Day Out of Days
The old phrase “feels like someone’s walking on my grave” came to mind in the past 48 hours when I read news about the writer/director of an indie film in production, Gray State, being found dead in his home, along with his wife and five-year-old daughter, in what local Minnesota police are calling “suspicious circumstances.” The physical circumstances in which David Crowley and his family were found dead, apparently undiscovered for weeks, suggests David Crowley of Apple Valley, MN, murdered his wife and daughter then took his own life.
David and Komel Crowley / Image credit: Instagram
For several years David Crowley’s life was focused on making an indie suspense thriller with a lot of thematic similarity to my own new indie suspense thriller, Alongside Night, of which I’m the writer/director. Both our movies focused on events following the collapse of the dollar leading to a near-future America in which constitutional rights are dead and those who resist the new fascistic order are being rounded up and sent to FEMA-run detention facilities.
Both David Crowley and myself had appeared as Skyped-in guests with Alex Jones on his radio/Internet show, and received his praise for our cinematic efforts in defense of American liberty.
Both David Crowley and myself found ourselves locked out of Hollywood studio interest for our films.
There is one difference.
David Crowley was a 20-something first-time feature filmmaker who had produced only a concept trailer meant to raise production financing. By contrast Alongside Night was my second feature film, based on a novel I wrote in my 20’s, about David Crowley’s age when he started work on Gray State. My novel was published hardcover by a major New York publisher in 1979 with major literary endorsements, positive major reviews, and several awards picked up over the succeeding decades. Consequently I found the financing to cast known stars and complete production on my movie that David Crowley, despite a successful Indiegogo campaign to raise seed money, never did before his tragic death.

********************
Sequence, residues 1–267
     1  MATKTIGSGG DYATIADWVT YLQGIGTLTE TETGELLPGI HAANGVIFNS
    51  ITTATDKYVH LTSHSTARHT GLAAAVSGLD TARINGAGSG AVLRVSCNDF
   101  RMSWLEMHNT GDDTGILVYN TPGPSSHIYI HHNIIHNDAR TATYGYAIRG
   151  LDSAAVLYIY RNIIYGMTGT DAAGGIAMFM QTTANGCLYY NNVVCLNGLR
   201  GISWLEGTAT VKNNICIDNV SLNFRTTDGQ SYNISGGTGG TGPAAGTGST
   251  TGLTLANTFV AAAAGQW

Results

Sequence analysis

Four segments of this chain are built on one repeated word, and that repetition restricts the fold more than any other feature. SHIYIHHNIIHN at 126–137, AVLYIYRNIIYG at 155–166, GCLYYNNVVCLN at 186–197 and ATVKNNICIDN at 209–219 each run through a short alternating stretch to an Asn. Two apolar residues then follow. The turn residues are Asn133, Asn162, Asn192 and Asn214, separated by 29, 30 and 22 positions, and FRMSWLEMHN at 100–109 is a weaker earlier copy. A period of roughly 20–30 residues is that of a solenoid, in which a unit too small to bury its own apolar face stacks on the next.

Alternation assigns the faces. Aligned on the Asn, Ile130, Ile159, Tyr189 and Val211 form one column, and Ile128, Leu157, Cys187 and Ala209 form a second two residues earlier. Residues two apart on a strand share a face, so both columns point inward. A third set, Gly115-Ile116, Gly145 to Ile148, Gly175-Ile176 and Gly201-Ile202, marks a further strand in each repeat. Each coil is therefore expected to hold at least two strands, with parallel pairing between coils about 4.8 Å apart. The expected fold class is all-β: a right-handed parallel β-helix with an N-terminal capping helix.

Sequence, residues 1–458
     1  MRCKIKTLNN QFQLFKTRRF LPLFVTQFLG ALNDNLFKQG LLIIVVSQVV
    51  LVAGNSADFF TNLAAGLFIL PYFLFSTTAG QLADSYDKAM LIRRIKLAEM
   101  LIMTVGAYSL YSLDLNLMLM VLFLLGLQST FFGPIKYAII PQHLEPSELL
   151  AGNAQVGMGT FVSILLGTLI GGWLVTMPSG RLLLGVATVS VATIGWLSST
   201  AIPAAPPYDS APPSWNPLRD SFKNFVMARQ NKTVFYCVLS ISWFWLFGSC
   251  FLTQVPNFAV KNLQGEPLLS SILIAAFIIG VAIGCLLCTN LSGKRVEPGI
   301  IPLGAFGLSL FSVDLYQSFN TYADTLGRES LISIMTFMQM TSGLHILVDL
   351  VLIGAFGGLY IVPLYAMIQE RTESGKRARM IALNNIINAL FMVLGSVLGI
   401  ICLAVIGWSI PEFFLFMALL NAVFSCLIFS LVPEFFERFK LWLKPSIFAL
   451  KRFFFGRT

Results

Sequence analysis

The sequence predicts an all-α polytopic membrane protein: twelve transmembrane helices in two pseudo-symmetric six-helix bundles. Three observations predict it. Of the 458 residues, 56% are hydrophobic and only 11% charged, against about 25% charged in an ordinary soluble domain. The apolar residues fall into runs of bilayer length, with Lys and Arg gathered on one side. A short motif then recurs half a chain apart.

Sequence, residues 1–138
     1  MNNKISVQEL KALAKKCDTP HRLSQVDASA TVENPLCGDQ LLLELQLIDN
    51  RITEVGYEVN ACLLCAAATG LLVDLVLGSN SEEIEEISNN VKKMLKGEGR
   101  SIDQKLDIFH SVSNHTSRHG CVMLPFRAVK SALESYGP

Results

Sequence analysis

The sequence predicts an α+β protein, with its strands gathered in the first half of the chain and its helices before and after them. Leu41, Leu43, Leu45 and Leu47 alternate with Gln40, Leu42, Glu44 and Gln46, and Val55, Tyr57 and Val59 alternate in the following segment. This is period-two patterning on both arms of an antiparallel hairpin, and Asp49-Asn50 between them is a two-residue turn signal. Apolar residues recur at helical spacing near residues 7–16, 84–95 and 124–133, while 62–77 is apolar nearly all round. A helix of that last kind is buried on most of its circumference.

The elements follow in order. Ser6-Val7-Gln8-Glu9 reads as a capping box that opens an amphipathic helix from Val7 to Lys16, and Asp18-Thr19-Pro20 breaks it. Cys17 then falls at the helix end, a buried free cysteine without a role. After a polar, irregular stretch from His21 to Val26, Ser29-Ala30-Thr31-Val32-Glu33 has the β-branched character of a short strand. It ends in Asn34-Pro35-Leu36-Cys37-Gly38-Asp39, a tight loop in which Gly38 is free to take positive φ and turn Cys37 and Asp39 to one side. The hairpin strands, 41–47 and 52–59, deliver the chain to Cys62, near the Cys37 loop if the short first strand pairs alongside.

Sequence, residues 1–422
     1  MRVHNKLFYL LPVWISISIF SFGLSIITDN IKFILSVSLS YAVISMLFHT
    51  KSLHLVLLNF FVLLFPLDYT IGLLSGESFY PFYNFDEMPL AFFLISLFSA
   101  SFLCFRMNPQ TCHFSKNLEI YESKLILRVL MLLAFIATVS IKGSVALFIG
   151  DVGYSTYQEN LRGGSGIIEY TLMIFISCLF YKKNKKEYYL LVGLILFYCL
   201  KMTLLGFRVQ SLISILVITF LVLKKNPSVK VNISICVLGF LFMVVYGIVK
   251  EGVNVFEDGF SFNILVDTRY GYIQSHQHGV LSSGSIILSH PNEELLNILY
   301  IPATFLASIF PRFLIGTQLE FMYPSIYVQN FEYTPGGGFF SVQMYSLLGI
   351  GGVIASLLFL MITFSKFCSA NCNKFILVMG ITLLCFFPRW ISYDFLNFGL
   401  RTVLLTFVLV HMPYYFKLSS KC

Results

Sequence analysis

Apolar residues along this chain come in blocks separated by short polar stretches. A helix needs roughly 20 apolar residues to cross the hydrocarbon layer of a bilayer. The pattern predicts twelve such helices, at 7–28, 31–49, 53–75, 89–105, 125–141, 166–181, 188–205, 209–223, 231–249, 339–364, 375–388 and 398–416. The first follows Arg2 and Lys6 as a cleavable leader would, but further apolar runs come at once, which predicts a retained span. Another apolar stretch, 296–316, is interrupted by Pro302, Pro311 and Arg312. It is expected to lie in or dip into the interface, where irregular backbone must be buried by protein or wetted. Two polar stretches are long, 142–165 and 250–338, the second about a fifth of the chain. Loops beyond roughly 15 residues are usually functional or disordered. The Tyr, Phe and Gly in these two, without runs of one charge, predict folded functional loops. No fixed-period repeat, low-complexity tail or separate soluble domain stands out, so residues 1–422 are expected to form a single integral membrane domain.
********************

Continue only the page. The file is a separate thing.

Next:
The violent death of a vocal opponent to the United States government in these post-9/11 times of secret Homeland Security warrants, arrest and indefinite detention of persons who with the stroke of a pen are classified as enemy combatants, and intrusive government spying gives way to the unthinkable: what if David Crowley didn’t take his family’s and his own life but was murdered by a clandestine operation and the crime scene engineered to cover up a political murder?
I am just paranoid enough for that possibility to scare the bejeezus out of me.
On the other hand, what if David Crowley lost hope of reaching the goal of a finished movie that I had already achieved – and in his despair lost his mind?
Neither prospect makes it easier for me to sleep at night.
But when Alongside Night does achieve commercial success in its general release later this year, I now feel that I’m not doing it only for my own cast, crew, producers and other supporters, but for David Crowley’s as well.